You see the posts proliferating all over social media. An entire cottage industry sprouted up to espouse the virtue of failure. But the fetishism of failure actually does a disservice to all those it’s intended to soothe. Of course there is value to be extracted from the remnants of failure, and you should never avoid taking a shot solely to avoid the sting of rejection. Such a risk-averse mindset is the best way to guarantee a life of mediocrity.  

But let’s be honest: No one actually wants to fail, and for good reason. Failing sucks. And dismissing failure with such ease – or worse, acting like failure was a perfectly acceptable outcome among many  – means you won’t hear what failure is actually trying to tell you. And you may just lose that one death-defying chance to pivot, which could have changed everything. ​

Here are three lessons failure may be trying to teach you that should not be ignored: 

1- Your idea does not have product market fit. Or in other words, not enough people experience the problem you are trying to solve, or are willing to pay enough for your solution to make it a viable business. 

2 – You are missing a skill set or personality trait to execute your vision. No founder has the full complement of skills to single-handedly realize their own dream. Failure may be trying to amplify your shortcomings so you get to work mitigating them. 

3 – This one is harder to hear, but failure might be trying to tell you that you are just not cut out for this pursuit.Or more often, that your words and your heart are not aligned.  There is often a massive delta between what we envision and what manifests, and no one is condemned to live another person’s life if you change your mind.  Failure might be telling you to cut bait and follow your heart.

And most likely, maybe failure is just trying to test your resolve, and sharpen your grit against the grindstone of rejection. In which case, shake it off. Just don’t get used to it. 


  • Matt Higgins

    Cofounder and CEO

    RSE Ventures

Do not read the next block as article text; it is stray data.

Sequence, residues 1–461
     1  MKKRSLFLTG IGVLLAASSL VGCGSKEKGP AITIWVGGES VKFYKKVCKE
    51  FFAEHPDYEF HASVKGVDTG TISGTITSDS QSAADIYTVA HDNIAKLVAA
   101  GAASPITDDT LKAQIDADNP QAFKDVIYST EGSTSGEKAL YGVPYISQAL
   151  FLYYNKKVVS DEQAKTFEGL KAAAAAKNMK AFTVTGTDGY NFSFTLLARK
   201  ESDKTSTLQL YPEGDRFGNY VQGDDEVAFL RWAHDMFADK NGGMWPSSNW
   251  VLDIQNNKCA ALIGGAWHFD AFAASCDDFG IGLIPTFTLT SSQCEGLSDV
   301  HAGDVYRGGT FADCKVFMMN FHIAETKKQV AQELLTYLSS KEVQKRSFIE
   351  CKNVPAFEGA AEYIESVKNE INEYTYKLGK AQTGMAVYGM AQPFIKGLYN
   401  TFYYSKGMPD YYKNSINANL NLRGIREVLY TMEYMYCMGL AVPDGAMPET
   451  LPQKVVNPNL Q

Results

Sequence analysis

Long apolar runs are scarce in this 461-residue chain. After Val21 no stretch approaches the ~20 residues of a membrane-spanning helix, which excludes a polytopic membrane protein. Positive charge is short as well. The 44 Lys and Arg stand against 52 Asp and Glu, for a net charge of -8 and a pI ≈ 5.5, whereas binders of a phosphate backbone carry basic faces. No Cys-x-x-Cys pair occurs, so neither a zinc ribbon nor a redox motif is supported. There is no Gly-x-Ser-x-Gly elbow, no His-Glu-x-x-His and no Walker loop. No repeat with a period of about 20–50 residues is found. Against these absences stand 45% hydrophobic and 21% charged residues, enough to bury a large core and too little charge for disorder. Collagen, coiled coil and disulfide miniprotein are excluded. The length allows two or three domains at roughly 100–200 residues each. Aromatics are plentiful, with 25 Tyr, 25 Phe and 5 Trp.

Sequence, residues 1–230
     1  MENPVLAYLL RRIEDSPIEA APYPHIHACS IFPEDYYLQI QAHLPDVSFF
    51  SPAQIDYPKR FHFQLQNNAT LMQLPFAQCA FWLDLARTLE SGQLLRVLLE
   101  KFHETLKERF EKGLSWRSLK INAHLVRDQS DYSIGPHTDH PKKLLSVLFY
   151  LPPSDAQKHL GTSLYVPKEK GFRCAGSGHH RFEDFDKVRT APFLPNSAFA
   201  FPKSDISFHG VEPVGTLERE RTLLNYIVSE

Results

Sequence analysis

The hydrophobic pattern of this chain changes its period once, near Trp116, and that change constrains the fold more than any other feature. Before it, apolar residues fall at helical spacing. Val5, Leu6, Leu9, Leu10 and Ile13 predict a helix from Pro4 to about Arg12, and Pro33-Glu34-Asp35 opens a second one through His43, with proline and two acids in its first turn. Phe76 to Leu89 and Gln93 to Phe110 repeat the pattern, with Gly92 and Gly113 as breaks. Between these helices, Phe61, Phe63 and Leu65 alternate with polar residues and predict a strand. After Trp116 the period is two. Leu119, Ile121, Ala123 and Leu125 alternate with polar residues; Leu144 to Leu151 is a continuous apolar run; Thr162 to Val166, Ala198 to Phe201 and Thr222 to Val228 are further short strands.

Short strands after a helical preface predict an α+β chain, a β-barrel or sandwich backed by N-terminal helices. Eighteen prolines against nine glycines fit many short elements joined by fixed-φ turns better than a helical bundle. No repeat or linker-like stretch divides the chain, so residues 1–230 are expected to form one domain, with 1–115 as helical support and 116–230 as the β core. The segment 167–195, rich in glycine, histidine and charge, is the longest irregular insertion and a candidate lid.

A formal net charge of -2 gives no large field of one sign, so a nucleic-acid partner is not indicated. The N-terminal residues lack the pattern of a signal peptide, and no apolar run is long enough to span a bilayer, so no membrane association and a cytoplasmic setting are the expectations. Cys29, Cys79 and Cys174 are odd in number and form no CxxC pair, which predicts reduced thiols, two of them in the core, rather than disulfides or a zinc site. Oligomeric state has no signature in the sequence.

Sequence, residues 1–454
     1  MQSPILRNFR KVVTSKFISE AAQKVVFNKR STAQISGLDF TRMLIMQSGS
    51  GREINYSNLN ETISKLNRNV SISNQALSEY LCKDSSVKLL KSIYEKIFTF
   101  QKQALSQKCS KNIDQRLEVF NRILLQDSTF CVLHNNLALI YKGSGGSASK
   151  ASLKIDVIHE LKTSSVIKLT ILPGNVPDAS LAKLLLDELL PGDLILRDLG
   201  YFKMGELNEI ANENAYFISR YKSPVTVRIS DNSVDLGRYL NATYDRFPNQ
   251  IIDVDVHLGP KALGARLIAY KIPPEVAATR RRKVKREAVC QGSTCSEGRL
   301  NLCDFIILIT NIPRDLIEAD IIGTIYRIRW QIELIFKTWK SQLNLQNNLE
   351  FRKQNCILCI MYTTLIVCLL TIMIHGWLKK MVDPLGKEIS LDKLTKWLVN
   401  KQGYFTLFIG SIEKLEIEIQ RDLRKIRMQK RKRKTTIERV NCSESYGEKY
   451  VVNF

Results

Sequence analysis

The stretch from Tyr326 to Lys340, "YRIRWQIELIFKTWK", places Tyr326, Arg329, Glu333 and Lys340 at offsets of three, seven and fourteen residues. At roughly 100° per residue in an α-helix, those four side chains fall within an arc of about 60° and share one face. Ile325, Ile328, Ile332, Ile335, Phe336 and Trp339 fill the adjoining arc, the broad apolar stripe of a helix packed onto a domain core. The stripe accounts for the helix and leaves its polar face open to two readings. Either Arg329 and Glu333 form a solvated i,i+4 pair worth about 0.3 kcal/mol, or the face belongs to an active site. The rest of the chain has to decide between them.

Matt Higgins is a noted serial entrepreneur and growth equity investor as cofounder and CEO of private investment firm RSE Ventures. He is also vice chairman of the Miami Dolphins, a recurring Shark on ABC’s four-time Emmy-Award-winning TV show Shark Tank, and Executive Fellow at the Harvard Business School. Higgins began his career in public service as a journalist before becoming the youngest mayoral press secretary in New York City at 26, where he managed the global media response to the September 11th terrorist attacks. He became one of the first employees – and ultimately Chief Operating Officer – of the Lower Manhattan Development Corporation, the federally funded government agency created to plan the rebuilding of the World Trade Center site. Higgins helped organize the largest international design competition in history culminating in Reflecting Absence, the September 11th National Memorial, and the development of the 1,776-feet-tall One World Trade Center, the tallest building in the northern hemisphere. Higgins cofounded New York City based RSE Ventures in 2012, amassing a multi-billion-dollar investment portfolio of leading brands across sports and entertainment, media and marketing, consumer and technology industries – including several of Fast Company’s Most Innovative Companies. RSE has successfully backed many challenger brands from inception, including RESY, an Open Table competitor that American Express acquired in 2019; the world's premier drone racing circuit, the Drone Racing League; and the International Champions Cup, the largest privately owned soccer tournament featuring Europe’s top clubs. Higgins is also co-owner of VaynerMedia, founded by digital marketing expert Gary Vaynerchuk, and a partner in early-stage venture fund Vayner/RSE. In 2013, Higgins cofounded Derris, a brand strategy and communications firm that has helped grow many leading brands such as Warby Parker and Glossier. In 2016, he broadened RSE’s investment focus to rapidly expanding fine dining and fast casual concepts, including David Chang’s Momofuku and Fuku, Milk Bar, &pizza and Bluestone Lane. Higgins received his BA in political science from Queens College and his JD from Fordham Law, where he was a member of the Fordham Law Review. He was named a Top 40 Under 40 executive by Crain’s New York and by Sports Business Journal. In 2019, Higgins received the Ellis Island Medal of Honor – joining the ranks of seven former U.S. presidents, Nobel Prize winners and others who have made it their mission to share their knowledge, compassion and generosity with those less fortunate. He is a longstanding board member of Autism Speaks.